The story of a golf ball

 

The story of a golf ball

 

Not long ago, I was listening to a song by Vinicio Capossela “Il paradiso dei calzini” (or “The Socks’ Paradise”), and by some strange mental association I began thinking of lost golf balls.

 

This thought brings to mind a whole jumble of curious feelings and behaviour… and in this case the question probably has little to do with our experience of playing golf, and a lot more to do with how we relate to the idea of being abandoned or to the idea of possession. In any case, it’s something that has its origins in our childhood, in something that we felt was missing, and which now we unconsciously project onto those little white spheres that accompany us on our golf outings.

 

When you buy one, a golf ball is virgin perfect, white and shiny. Maybe the first time we buy some we don’t really know which kind to buy, or else we follow the advice of friends, family or the shop assistant… but before long we get attached to one particular brand name, attracted perhaps by irrelevant or futile motives, like the font used in the ball’s logo.

 

Then we make the ball become an extension of our identity: we feel affection for it, we like the way it bounces, the sound it makes when we hit it or the package it comes in. And often we slip into the next phase (by now involving a degree of superstitious fetishism), whereby we become fixated on our preference for a particular number – i.e. brand X, but only its number Y ball – to the point where we can no longer contemplate playing a game without those precise balls. The very thought makes us feel insecure and disadvantaged…

 

And at that point, how can we avoid that our golf balls, so stubbornly clung to and identified with, become indistinguishable from someone else’s golf balls, someone with identical preferences?… a truly horrible thought. Sooner or later we hit on the answer: by marking the balls, obviously, and making them simply unique, like ourselves.
This is a second Rubicon on our path towards obsession, towards investing too much emotional significance in our beloved – now ‘personalised’ – white balls.

 

At this point, a case study can be developed:

 

  • Some people use indelible markers to fill the surface of the balls with smaller balls, displaying notable artistic flair.
  • Others, more pragmatically, opt to write their initials, or name, or nickname, or even the name of their company!
  • Others, more geometrically minded, draw – freehand or with a dedicated tool – a circle around the circumference (useful for setting the direction when driving off from the tee).
  • Then there are the abstracts, the eccentrics and the abstract eccentrics, who express themselves spontaneously through symbols and fantastic hieroglyphs swirling around their balls.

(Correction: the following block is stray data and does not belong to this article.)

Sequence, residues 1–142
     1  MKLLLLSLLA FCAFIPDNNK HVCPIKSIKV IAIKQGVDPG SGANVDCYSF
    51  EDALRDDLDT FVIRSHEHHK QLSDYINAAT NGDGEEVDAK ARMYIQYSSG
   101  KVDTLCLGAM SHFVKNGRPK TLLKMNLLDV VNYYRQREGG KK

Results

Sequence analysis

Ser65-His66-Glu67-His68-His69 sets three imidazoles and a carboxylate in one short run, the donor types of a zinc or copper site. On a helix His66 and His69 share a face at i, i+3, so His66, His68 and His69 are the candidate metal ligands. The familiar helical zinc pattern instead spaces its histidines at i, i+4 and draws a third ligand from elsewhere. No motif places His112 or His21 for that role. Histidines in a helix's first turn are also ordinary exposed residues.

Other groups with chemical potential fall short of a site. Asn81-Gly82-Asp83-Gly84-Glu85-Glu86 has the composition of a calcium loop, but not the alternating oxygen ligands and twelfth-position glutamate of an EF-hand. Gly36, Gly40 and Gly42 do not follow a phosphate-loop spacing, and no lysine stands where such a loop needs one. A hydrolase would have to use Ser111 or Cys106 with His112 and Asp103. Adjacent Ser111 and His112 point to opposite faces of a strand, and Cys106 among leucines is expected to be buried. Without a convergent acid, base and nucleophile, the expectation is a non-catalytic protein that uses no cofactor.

I suspect that if we were to analyse in depth the choice of identification method applied to these golf balls, we’d discover a great deal about their owners.

 

But as in every respectable story, menace and tragedy always hover ready to strike, and sooner or later, on the golf course a water hazard or a briar thicket suddenly claims our ball. Our ball, personally chosen, purchased, lovingly marked and… lost!

 

Leaving aside the fact that, apart from the emotional blow, this loss is also a substantial competitive setback, let’s concentrate on the behaviour of the golf player who is enjoying a leisurely round on an enchanting golf course with a group of friends, serenely relishing the fresh air and the green glow of nature.

 

When their ball is lost, irrespective of the owner’s wealth or lack of it (i.e. it’s not an economic problem), there is always a sense of shock, a little shudder of the soul for a departed friend. Then serene relaxation turns suddenly into ill-concealed desperation, as the owner scrambles in brambles and bushes oblivious to scratches and nettle stings, refusing to be so cruel as to abandon their search, or else stumble for ages along the muddy edges of a lake in the hunt for that poor little ball, up to their knees in turbid water and reeds.

 

Tragic scenes…

 

And if the unfortunate victim (the ball) is miraculously found, the other unfortunate victim (its owner) is flooded by waves of joy, tightly clutching the treasured prodigal object. Then they carefully clean it while praying that it will never be threatened again… let alone on the next shot.
If there is no miracle, alas, sooner or later, perhaps finally becoming aware of the other players’ impatience at the duration of this drama, the lost ball’s owner will probably shrug and smile unconvincingly as if to say “oh well, never mind”, and start using a different ball. But the odds are that in their hearts, part of them at least will be hoping that someone else will find the little thing and – even if thanks to other hands and arms – that the lost ball will again return to flying high in the air, carrying with it the hopes and dreams of whoever has driven it soaring on its way…

 

 

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